Norway to ban gas-powered cars

Norway Aims To Ban Sales Of Gas-Powered Vehicles By 2025

Photo of Chris White

 10:56 PM 06/04/2016

Norway has decided to prohibit the selling of all gasoline-powered cars by 2025, according to Norwegian newspaper Dagens Næringsliv.

The ban, which has received support from political parties on the left and the right, is pegged to be the most aggressive anti-gasoline energy policies of its kind in the world – the irony, of course, is that Norway is one of the largest producers of fossil fuels in the entire world.

Norwegians produced and exported in 2013 more than 1.2 million barrels of oil, placing it 14th overall on a list of exporting countries, just below Qatar and Mexico.

India and Denmark have discussed the possibility of banning gas-powered cars as well, but India’s policy would begin five years after Norway’s, in 2030, and the Dutch parliament is heavily divided on their version of the ban, which would also start in 2025.

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No more cash in Sweden?

Swedes are blazing a trail in Europe, with banks, buses, street vendors and even churches expecting plastic or virtual payment
The Swedish banknotes issued last year: circulation of the krona has fallen sharply as electronic payment takes over.
The Swedish banknotes issued last year: circulation of the krona has fallen sharply as electronic payment takes over. Photograph: Fredrik Sandberg/EPA

In 1661, Stockholms Banco, the precursor to the Swedish central bank, issued Europe’s first banknotes, on thick watermarked paper bearing the bank’s seal and eight handwritten signatures.

Last year – as Britain did last week – Sweden launched a new series of notes, cheery affairs featuring 20th-century Swedish cultural giants such as Astrid Lindgren, the creator of Pippi Longstocking, Greta Garbo and filmmaker Ingmar Bergman. But like its Nordic neighbours Norway, Denmark and Finland, Sweden is fast becoming an almost entirely cashless society.

“I don’t use cash any more, for anything,” said Louise Henriksson, 26, a teaching assistant. “You just don’t need it. Shops don’t want it; lots of banks don’t even have it. Even for a candy bar or a paper, you use a card or phone.”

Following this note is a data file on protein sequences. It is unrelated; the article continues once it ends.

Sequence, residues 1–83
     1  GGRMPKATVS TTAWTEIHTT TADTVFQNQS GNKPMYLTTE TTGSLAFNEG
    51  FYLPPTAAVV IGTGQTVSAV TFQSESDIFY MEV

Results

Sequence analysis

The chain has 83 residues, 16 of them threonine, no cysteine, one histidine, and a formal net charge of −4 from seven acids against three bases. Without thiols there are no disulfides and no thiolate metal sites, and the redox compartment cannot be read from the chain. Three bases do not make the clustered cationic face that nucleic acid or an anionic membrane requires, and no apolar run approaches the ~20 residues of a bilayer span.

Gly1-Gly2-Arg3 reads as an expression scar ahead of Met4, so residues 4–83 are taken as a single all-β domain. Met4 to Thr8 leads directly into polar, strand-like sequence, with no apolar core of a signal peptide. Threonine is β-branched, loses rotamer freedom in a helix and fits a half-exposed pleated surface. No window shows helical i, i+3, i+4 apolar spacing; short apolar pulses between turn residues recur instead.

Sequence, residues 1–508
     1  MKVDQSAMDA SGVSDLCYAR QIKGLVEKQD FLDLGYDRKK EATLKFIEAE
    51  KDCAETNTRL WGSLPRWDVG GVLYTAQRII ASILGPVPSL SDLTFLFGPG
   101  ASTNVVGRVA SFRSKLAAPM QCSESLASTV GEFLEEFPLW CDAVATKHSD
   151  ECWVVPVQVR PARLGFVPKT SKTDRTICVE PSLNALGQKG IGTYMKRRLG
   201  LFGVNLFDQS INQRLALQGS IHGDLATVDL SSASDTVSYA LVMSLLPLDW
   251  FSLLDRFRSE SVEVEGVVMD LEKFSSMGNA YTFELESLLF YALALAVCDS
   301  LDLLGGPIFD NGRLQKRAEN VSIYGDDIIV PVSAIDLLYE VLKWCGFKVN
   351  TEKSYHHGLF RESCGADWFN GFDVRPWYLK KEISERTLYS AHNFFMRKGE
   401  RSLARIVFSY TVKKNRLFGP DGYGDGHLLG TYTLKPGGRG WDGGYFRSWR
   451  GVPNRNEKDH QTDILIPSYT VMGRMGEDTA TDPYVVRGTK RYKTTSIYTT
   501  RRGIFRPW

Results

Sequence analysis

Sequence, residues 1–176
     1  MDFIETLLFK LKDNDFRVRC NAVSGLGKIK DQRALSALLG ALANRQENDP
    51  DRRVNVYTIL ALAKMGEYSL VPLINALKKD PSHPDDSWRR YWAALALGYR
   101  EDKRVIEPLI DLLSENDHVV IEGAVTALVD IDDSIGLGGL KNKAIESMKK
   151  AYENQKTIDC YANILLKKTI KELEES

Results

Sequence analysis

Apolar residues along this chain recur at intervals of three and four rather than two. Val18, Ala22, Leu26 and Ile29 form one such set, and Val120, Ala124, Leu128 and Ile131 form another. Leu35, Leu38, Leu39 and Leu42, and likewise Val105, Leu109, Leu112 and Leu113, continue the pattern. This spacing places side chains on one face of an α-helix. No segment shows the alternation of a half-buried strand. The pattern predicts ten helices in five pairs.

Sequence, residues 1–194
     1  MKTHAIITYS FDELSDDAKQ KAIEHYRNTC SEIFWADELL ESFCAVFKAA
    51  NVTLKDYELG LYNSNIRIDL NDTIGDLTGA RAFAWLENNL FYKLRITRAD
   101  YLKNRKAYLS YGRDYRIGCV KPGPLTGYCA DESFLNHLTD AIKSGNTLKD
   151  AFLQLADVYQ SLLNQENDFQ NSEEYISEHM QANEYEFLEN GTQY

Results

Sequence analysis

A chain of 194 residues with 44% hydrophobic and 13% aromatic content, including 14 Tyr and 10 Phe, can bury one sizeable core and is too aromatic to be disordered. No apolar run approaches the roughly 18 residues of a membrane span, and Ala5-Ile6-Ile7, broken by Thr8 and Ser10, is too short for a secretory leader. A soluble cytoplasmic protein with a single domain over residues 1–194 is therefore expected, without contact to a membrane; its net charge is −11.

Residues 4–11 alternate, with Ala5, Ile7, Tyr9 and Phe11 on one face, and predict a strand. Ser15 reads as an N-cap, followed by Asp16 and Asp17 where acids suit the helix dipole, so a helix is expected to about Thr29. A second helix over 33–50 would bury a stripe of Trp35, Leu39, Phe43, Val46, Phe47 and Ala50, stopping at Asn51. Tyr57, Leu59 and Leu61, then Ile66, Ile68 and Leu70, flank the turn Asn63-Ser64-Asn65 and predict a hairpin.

Swedish buses have not taken cash for years, it is impossible to buy a ticket on the Stockholm metro with cash, retailers are legally entitled to refuse coins and notes, and street vendors – and even churches – increasingly prefer card or phone payments.

According to central bank the Riksbank, cash transactions made up barely 2% of the value of all payments made in Sweden last year – a figure some see dropping to 0.5% by 2020. In shops, cash is now used for barely 20% of transactions, half the number five years ago, and way below the global average of 75%.


African fashion can do better

African fashion industry can do better: African Fashion Vibe


by Trust Matsilele 0

PHOTO: Trust Matsilele/CNBC Africa

African designers are fighting tooth and nail to remain at the top of changing trends; this was clearly demonstrated at the Africa Fashion Experience held in Soweto recently.

The event was a joint collaboration between the Department of Arts and Culture and the African Fashion Vibe. It was the second edition of Africa Month 2016 Celebration in Soweto, Gauteng.

Some of the designers who attended the showcase came from Zambia, Botswana, Malawi, Angola and Nigeria. Continue reading

Trial program that allows leashed dogs inside four previously “No animal” county parks likely to stay

Dogs having their days at designated county parks

 Published May 22, 2016 – 12:30am

HOLLYN JOHNSON/Tribune-Herald Kirsten Wong holds her 13-year-old dog, Mickey, Friday afternoon after a walk at Auhalani Park.

By KIRSTEN JOHNSON Hawaii Tribune-Herald

Hawaii Island dog owners have something to bark about. A trial program that allows leashed dogs inside four previously “No animal” county parks is probably here to stay.

Since 2014, Ainaola Park, Gilbert Carvalho Park, Ahualani Park and Machado Acres Park have allowed county-licensed dogs within certain areas, so long as they’re tethered by a leash less than 6 feet long and owners pick up their waste.

The policy has bucked an overarching no animal rule in place at most county recreational parks and all county beach parks.

Parks and Recreation spokesman Jason Armstrong said Friday the department plans to continue the program and is “expecting to make (it) permanent.” It’s worked out well, he said, and has reduced the number of complaints the department once received resulting from confrontations between pet owners and other park patrons.

“The complaints have tapered off,” he said. Continue reading

Do we need amusement parks?

Hidden costs at amusement parks

Summer is a time for sleeping in and water fights, and as the season approaches, many amusement parks are also gearing up for their busiest time of year.

As exciting as the idea of going to an amusement park may be, however, the overall cost of a day at the park may surprise you. Take an amusement park in Orlando, for example. The overall price tag for a day at either Universal Studios or Walt Disney World is over $600.

Why is it so expensive, you may ask?

For starters, a basic entry ticket to a theme park can run you anywhere between$20 to $105 — and that doesn’t include parking, access to additional parks or miscellaneous purchases you may make while inside.

In other words, there are quite a few hidden costs you need to be aware of before planning your next summer trip.

If you’re unsure of some of the extra charges associated with theme parks, check out the slideshow below to minimize your spending and maximize your fun during your summer vacation.